(Note, this does not apply to investment income… but there are ways to eliminate that as well. More on that another time.)
Most households spend tens of thousands of dollars each year on taxes, most of which has gone to fund more wars and more debt.
Just imagine what you could do for your family’s future with all that extra savings.
There are all sorts of other benefits as well.
You may have the opportunity to learn another language, and for your children to learn another language.
You and your family may be able to obtain another citizenship.
You’ll have unique international experience that certainly looks good on a resume and differentiates you from your peers back home.
And you’ll have the chance to develop a deep, close network of friends… fellow expats who share your beliefs and values.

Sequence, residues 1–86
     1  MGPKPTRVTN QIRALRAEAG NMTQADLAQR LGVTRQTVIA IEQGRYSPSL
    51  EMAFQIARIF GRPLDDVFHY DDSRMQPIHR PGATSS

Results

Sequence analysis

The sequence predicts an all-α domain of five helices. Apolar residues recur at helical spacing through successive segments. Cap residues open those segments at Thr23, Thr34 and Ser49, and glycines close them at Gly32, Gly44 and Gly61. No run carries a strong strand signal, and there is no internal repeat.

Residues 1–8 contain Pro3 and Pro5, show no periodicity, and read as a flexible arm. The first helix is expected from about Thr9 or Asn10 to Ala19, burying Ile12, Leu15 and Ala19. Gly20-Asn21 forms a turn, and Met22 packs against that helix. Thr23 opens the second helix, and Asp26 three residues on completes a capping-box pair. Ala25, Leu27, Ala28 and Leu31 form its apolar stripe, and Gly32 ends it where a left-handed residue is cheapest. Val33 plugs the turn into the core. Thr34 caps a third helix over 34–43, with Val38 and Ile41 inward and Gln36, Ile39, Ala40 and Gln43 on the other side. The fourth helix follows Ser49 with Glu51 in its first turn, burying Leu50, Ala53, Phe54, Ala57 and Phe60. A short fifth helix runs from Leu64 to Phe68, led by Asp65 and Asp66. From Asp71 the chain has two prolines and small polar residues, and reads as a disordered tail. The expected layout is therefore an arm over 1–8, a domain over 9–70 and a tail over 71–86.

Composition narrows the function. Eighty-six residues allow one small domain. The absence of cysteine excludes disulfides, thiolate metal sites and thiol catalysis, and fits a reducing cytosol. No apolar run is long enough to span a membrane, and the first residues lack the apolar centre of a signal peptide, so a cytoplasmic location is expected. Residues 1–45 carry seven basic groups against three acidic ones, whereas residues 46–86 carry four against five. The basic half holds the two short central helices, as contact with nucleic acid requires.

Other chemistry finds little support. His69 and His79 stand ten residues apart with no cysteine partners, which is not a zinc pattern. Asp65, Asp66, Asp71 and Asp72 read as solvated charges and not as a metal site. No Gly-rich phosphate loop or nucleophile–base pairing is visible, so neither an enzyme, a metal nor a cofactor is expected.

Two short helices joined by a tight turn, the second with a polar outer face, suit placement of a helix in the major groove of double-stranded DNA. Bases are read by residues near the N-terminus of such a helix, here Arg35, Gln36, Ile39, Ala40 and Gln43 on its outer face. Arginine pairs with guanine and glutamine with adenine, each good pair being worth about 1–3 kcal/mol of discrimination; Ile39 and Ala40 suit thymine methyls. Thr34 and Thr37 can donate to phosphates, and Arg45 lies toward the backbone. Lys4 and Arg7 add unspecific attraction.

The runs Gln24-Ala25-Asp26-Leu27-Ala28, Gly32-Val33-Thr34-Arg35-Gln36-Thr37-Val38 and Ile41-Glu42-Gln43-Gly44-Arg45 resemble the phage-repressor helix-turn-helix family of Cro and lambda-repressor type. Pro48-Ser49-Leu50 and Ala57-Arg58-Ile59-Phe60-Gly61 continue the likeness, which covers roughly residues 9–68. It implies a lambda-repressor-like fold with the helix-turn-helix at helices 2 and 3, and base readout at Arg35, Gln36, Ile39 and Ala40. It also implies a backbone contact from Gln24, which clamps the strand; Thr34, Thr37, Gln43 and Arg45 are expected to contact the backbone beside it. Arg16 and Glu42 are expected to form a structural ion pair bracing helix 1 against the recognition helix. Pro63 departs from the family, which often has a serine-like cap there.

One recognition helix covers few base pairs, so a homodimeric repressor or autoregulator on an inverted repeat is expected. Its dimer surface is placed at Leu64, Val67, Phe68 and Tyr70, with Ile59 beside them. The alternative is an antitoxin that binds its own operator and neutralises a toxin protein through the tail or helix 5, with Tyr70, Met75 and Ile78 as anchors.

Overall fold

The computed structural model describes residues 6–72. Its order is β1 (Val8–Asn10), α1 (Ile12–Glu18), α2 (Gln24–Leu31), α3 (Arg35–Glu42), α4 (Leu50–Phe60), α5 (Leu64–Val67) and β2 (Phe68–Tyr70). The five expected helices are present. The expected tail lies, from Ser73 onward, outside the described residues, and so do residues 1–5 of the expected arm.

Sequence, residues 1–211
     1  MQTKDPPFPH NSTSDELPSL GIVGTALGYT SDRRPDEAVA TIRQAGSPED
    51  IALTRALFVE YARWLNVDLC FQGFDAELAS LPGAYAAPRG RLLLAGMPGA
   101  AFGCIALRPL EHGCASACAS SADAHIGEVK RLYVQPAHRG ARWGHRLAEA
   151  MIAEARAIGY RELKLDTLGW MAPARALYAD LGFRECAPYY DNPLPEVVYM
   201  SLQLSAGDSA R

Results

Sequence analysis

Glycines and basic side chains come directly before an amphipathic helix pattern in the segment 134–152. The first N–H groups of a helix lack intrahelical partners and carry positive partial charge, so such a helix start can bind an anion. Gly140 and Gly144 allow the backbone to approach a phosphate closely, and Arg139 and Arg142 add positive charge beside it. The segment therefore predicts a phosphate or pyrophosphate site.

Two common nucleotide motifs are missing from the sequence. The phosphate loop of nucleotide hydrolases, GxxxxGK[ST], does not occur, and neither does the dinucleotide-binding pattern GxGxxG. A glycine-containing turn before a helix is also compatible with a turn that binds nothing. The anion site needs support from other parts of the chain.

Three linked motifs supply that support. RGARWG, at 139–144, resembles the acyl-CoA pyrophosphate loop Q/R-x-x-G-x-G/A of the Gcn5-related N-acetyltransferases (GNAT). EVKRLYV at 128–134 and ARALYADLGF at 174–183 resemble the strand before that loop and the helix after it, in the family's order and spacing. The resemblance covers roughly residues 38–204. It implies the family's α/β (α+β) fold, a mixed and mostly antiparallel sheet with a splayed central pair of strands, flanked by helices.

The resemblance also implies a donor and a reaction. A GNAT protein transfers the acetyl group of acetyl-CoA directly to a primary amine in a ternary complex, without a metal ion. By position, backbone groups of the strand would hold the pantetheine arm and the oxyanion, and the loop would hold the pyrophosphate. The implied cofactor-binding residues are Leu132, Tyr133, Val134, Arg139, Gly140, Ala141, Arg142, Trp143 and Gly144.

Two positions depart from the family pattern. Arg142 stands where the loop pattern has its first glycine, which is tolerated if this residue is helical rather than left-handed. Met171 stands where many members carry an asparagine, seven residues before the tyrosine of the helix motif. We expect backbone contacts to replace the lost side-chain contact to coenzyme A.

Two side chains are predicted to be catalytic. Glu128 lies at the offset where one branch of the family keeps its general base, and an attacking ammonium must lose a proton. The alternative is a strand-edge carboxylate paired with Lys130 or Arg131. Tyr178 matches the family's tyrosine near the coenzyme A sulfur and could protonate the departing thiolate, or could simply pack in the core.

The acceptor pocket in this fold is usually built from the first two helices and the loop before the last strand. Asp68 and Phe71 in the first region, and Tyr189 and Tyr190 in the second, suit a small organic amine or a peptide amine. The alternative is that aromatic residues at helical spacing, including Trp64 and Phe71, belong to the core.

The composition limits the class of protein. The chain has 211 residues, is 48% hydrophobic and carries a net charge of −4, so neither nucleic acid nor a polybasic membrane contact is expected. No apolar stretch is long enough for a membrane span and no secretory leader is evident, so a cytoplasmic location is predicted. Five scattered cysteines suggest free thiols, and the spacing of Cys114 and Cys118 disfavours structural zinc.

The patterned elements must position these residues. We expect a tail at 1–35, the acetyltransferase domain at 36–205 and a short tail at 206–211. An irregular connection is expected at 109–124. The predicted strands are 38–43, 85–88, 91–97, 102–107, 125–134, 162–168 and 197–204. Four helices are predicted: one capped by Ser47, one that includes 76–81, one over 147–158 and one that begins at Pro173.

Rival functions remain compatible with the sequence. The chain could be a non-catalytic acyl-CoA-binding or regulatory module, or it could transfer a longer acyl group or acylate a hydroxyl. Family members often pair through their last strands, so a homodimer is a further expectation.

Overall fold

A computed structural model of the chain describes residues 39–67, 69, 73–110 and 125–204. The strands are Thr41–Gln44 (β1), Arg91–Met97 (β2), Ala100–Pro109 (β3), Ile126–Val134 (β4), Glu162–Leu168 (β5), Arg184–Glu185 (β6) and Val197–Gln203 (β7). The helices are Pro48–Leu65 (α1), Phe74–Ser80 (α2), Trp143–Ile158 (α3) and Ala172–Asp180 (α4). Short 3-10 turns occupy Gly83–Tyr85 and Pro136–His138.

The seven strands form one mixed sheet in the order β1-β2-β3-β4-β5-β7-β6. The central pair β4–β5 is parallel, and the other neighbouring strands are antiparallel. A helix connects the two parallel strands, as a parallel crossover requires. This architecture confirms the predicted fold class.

I understand that as human beings, we are naturally afraid of the unknown.
And moving abroad is a big, big unknown.
Our ancestors braved that uncertainty once as well. They too were searching for a better life. It’s in our DNA.
So if you find yourself in a similar situation– barely able to stay afloat financially, and insecure about the future– it may at least be worth considering the possibility.
Most of the world is in an uproar right now over the travel ban that Donald Trump hastily imposed late last week on citizens of seven predominantly Muslim countries.
But there was another ban that was quietly proposed last week, and this one has far wider implications: a ban on cash.
The European Union’s primary executive authority, known as the European Commission, issued a “Road Map” last week to initiate continent-wide legislation against cash.
There are already a number of anti-cash legislative measures that have been passed in individual European member states.